“Nay, Madame," answered Bacon, with evident enjoyment of his own hnmour, "rack not his body, rack his style. Give him paper and pens and ink, with what help he needs of books; bid him carry on his tale. By comparing the two parts, I will tell you if he be the true man.
The poet Pope, in a well-known couplet, bas made use of Bacon to point a moral and adorn a tale, and has contrived to embody the praises of his admirers, as well as the censures of his detractors, in the famous line
“The wisest, brightest, meanest of mankind.” But Pope was not a profound student, and probably based his epigrammatic estimate of the philosopher's character upon the gossip of the old diarist, Sir Symond d’Ewes, who, in evil alliance with the notorious Anthony Weldon and Sir Edward Coke, Bacon's life-long adversary, may be regarded as the source of most of the foul and black aspersions cast upon his fame. In our own time, Lord Macaulay has lent the force of his brilliant rhetoric, and Lord Campbell the weight of his legal acumen, to the unfavourable view of Bacon's character. The kindlier and more generous judgment, originally put forward by
* Bacon's “ Apology,” in his Works (Basil Montagu's edit.), vi. 220-222.
Ben Jonson, Aubrey, and the philosopher Hobbes, has been supported by Basil Montagu, and of late, with greater exactness and more complete research, by Mr. Hepworth Dixon and Mr. James Spedding, who, while not concealing his moral weakness, has vindicated his memory against the graver charges, and established his claims to the love and gratitude of his countrymen. To the impartial critic I think he will be, what he was to Ben Jonson, “one of the greatest men and most worthy of admiration that had been in many ages.”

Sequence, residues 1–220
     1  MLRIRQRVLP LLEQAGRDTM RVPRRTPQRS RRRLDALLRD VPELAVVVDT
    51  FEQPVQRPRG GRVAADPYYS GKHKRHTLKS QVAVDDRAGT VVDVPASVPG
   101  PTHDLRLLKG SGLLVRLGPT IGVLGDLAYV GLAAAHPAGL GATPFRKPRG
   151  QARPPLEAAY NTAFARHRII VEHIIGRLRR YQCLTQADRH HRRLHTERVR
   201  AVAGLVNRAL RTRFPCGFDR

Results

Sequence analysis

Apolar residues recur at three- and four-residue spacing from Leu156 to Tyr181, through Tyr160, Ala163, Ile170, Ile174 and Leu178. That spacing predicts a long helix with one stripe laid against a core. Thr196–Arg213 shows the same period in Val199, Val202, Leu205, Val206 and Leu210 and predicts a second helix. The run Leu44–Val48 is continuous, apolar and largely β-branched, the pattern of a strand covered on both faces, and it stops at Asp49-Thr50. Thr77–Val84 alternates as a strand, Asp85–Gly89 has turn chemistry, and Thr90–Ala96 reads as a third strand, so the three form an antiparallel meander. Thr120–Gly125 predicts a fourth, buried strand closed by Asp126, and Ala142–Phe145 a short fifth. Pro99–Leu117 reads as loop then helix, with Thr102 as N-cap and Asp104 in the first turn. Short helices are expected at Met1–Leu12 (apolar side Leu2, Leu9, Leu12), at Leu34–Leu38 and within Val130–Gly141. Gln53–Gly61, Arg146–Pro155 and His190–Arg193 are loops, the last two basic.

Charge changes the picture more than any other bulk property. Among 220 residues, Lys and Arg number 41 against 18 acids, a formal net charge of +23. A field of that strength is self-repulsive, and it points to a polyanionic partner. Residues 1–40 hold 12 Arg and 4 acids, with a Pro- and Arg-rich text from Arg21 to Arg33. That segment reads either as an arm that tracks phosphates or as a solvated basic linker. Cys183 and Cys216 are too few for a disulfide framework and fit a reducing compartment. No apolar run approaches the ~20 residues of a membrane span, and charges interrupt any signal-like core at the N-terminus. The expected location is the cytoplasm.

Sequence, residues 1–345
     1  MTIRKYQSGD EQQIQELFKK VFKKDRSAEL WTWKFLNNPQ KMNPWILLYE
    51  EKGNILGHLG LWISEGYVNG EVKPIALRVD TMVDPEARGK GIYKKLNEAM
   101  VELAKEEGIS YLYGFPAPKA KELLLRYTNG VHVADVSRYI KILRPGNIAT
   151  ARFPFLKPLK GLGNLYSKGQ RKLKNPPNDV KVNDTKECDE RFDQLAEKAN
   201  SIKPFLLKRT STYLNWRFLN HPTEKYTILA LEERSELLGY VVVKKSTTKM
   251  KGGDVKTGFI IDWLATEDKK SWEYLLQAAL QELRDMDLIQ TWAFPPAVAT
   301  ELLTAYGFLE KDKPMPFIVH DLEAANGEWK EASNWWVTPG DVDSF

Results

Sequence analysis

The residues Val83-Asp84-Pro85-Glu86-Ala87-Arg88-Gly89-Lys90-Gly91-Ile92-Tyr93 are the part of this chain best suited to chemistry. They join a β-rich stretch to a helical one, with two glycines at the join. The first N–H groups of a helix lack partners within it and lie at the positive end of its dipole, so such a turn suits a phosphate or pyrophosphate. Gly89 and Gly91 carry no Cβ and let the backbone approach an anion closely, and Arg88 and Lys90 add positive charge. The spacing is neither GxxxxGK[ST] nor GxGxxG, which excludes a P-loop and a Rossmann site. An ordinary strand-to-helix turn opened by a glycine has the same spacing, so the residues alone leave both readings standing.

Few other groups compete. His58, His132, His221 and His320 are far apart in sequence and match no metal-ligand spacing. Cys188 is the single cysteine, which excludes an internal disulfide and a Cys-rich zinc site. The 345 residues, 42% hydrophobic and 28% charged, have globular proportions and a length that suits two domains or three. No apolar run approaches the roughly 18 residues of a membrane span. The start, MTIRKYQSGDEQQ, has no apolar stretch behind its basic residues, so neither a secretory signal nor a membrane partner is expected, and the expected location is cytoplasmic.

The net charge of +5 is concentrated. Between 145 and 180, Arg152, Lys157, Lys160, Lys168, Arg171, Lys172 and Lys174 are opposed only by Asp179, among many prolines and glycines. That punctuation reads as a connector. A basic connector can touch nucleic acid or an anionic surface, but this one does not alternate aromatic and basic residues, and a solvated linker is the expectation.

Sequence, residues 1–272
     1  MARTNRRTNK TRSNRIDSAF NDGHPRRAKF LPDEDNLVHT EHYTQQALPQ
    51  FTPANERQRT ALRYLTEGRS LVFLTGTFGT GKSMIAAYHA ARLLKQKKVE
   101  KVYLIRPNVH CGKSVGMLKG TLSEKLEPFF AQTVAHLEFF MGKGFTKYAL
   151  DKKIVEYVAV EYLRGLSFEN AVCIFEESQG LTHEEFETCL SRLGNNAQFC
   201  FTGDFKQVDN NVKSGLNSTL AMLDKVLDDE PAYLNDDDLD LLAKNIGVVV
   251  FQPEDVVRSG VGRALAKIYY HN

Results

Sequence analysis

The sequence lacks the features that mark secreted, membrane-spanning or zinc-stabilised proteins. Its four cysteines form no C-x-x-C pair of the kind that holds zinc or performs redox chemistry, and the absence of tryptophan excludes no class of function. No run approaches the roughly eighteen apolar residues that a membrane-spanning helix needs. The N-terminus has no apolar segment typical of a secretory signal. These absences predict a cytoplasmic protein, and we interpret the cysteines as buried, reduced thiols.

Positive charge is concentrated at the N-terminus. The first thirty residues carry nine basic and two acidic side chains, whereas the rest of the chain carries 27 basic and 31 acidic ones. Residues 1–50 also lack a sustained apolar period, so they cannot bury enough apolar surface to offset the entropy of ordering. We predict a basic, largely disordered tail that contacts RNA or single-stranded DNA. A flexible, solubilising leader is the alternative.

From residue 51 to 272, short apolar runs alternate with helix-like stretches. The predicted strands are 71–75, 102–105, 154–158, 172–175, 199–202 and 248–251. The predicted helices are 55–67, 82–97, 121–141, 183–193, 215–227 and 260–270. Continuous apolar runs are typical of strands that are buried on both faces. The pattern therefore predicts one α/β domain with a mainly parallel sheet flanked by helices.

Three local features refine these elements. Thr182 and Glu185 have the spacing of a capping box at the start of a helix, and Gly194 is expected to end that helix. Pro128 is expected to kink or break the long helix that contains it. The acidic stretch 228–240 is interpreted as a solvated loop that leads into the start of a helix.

Respecting no part of Bacon's career have his assailants and defenders more hotly contested than that which involves his intimate relations with the Earl of Essex. The unfriendly biographer represents his conduct as marked by the blackest treachery and meanest ingratitude ; the panegyrist sees in it the action of a wise and honest man, who loved the vain and gay young noble much, but his queen and country more. I believe that the true course is to accept a mean between these extreme opinions, and to believe that Bacon laboured honestly in the cause of Essex, and would gladly have saved him if his own levity and ill-regulated ambition had not rendered it impossible ; but that he refrained, like a prudent man and a loyal subject, from hopelessly entangling himself in his patron's ruin. He stood manfully by the earl until it was evident that he could no longer serve him, but might bring about his own destruction; and to me it is not clear why, because he was the author of the “Novum Organum," he should yet have acted without the least worldly discretion. Nor do I see that the guilt of Essex can reasonably be doubted. His execution was a political necessity; his crime was a crime which Elizabeth could not have pardoned if she would; and Bacon, as a lawyer and a